David Gary Shaw
I argue that piepowder people were the most dynamic social class in later medieval England. They were the elite travellers. There were traders among them, but commerce was only a small part of what they achieved and it was not what they shared: piepowder people were united by the purposeful travelling life. They created an intricate social and informational network that accelerated culture by sharing ideas and sharing news. The responsible ‘riding servants’ were one segment of the group. These were often educated men, who worked for their masters by riding out to supervise key tasks, conveying messages, material and commands. They rode too with questions and curiosity. Examining a confidential servant like William Worcestre allows us to see the shape of the information networks that stitched later medieval society and culture together. It also allows us to see as well the way social value and personal identity was shaped by life on the road.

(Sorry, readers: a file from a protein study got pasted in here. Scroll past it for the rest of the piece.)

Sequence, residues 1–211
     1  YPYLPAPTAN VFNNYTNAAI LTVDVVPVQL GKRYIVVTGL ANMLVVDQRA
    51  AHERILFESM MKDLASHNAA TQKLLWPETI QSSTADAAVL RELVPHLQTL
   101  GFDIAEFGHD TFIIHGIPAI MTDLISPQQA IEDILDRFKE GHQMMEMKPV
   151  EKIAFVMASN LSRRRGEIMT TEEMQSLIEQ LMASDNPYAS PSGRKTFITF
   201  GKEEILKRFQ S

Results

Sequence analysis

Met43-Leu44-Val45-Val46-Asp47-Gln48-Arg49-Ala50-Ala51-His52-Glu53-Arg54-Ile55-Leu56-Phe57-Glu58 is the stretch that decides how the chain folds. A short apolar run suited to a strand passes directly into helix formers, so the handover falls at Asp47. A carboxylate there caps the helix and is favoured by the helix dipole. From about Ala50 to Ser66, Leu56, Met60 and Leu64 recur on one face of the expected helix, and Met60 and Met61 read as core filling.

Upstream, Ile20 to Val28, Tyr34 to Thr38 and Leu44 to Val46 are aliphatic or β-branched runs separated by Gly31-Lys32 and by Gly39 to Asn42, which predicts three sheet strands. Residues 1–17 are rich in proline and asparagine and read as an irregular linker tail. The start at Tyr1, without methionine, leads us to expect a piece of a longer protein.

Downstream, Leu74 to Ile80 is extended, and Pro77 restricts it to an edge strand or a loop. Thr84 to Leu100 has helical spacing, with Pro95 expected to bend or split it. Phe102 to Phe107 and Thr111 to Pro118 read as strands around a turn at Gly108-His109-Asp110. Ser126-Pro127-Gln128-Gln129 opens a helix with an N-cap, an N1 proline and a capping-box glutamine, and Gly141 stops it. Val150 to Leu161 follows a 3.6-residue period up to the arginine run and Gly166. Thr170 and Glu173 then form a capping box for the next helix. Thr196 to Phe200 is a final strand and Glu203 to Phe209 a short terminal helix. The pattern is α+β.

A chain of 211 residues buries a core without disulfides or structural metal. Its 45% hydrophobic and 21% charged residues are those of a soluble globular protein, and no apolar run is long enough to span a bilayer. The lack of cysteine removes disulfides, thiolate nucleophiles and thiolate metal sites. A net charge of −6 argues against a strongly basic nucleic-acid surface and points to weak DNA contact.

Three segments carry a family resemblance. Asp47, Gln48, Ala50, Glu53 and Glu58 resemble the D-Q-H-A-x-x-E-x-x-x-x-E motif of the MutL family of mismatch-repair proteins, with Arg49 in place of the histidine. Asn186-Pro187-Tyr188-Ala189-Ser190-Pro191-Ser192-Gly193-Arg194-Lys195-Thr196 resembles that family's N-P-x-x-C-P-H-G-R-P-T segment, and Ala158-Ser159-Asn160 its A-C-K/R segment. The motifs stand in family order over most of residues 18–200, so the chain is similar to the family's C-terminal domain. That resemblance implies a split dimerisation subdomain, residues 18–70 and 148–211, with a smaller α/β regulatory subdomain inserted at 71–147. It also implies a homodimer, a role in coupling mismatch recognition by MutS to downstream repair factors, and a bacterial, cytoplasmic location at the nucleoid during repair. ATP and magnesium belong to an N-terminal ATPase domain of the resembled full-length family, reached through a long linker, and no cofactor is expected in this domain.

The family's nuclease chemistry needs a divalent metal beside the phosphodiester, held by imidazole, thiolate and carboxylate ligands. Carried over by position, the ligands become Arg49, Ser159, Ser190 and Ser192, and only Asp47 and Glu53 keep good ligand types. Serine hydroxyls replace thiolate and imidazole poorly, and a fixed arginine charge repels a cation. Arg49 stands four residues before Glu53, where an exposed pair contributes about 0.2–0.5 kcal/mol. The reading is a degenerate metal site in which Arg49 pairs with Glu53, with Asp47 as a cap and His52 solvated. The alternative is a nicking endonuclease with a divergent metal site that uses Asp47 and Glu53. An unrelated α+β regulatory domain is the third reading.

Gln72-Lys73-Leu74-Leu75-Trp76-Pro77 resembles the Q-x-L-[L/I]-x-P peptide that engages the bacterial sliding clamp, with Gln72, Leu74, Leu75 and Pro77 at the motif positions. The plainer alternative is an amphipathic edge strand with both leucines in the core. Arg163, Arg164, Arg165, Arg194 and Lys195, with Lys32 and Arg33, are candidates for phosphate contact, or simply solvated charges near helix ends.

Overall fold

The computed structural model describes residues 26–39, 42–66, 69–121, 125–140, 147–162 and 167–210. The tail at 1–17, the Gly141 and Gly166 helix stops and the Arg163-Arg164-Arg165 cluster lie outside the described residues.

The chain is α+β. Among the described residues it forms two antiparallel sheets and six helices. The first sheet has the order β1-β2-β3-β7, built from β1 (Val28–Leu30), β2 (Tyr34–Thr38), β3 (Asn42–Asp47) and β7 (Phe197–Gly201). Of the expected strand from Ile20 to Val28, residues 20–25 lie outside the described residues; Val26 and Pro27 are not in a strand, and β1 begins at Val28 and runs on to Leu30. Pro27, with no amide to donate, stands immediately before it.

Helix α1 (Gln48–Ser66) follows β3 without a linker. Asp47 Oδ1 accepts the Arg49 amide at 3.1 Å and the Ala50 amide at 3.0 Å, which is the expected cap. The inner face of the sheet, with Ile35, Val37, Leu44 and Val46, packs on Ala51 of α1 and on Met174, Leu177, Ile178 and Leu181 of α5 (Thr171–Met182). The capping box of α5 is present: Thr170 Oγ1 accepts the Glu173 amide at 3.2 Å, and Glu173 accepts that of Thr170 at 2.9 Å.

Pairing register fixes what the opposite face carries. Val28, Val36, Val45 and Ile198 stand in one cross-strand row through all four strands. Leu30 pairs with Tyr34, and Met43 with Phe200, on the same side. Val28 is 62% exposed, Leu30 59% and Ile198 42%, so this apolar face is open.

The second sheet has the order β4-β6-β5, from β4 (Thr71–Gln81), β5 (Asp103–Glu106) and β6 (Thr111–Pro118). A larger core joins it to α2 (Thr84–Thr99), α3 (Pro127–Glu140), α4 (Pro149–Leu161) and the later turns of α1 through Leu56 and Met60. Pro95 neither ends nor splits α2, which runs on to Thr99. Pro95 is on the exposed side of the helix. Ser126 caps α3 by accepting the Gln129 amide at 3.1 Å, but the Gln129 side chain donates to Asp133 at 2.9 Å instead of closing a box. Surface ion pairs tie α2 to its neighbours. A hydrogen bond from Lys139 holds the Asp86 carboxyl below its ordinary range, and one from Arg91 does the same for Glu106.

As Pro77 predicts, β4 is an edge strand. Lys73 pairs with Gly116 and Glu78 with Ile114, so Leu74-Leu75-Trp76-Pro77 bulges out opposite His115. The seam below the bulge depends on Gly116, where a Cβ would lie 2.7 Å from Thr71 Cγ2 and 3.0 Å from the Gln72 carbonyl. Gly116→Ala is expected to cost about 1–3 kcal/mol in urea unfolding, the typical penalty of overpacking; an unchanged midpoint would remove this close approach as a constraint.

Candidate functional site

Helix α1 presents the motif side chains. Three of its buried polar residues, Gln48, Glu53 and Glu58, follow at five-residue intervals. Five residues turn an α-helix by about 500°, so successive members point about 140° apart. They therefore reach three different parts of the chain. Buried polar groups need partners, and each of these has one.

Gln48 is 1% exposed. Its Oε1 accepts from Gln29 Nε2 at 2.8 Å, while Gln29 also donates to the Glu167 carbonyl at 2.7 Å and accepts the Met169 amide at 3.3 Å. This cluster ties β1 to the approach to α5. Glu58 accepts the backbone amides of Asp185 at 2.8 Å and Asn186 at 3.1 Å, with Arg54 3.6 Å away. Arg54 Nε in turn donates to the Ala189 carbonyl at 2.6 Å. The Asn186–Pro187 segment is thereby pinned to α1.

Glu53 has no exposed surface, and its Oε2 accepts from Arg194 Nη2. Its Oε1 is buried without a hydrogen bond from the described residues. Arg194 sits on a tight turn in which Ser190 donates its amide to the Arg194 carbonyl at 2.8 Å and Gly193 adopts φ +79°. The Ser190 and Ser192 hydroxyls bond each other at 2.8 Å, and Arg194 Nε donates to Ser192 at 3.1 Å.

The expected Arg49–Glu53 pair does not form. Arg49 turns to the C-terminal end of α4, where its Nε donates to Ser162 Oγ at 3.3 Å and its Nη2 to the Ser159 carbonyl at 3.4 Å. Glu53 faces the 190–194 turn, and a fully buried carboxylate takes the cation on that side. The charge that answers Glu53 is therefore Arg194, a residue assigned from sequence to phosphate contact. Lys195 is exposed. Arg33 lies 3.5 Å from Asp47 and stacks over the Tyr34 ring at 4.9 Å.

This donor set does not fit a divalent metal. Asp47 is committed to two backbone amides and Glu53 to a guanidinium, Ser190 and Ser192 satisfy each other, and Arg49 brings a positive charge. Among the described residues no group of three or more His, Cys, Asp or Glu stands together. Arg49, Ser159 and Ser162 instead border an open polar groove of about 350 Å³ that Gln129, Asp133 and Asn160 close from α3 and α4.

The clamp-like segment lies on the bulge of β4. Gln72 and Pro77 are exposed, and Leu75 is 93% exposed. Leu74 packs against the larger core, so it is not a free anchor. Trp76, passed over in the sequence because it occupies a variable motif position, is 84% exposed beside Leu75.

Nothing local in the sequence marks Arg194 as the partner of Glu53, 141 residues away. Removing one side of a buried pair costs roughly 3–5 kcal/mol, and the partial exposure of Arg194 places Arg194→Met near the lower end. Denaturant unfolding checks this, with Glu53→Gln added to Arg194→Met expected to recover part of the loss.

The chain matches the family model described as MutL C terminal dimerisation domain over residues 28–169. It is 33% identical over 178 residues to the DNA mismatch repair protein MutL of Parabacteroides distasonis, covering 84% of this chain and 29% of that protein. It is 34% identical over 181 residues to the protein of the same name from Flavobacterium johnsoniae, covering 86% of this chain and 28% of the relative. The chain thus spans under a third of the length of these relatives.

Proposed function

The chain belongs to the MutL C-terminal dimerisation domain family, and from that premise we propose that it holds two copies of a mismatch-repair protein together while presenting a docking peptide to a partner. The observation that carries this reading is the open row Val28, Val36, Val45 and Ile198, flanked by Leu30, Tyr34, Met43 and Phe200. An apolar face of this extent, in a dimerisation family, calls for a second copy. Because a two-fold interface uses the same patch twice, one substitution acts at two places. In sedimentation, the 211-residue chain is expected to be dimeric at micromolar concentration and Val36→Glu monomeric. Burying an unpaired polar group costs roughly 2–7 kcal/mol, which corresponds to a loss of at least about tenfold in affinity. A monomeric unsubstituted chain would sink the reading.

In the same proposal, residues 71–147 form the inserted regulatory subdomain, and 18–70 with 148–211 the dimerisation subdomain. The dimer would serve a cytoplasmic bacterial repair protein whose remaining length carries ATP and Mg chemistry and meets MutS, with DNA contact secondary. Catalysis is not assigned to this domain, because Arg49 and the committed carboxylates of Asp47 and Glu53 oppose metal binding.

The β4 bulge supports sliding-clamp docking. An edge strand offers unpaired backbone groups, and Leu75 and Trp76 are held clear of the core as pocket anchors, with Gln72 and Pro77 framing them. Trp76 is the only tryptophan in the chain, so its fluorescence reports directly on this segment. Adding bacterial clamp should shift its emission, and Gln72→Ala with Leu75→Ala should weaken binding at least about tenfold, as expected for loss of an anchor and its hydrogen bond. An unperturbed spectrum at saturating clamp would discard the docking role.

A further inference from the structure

David Gary Shaw is Professor of History at Wesleyan University. He is the author of The Creation of a Community (1993) and Necessary Conjunctions: The Social Self in Medieval England (2005). He co-edited The Return of Science: Evolution, History and Theory (2002) with Philip Pomper. His current research interests include the circulation of people and ideas in later medieval England and bishops and indulgences in the later medieval English church.
Friday, May 1, 2009, 7:30 PM
CUNY Graduate Center (365 Fifth Ave. @ 34th St.) Room 4406
Reception, with wine and cheese, follows.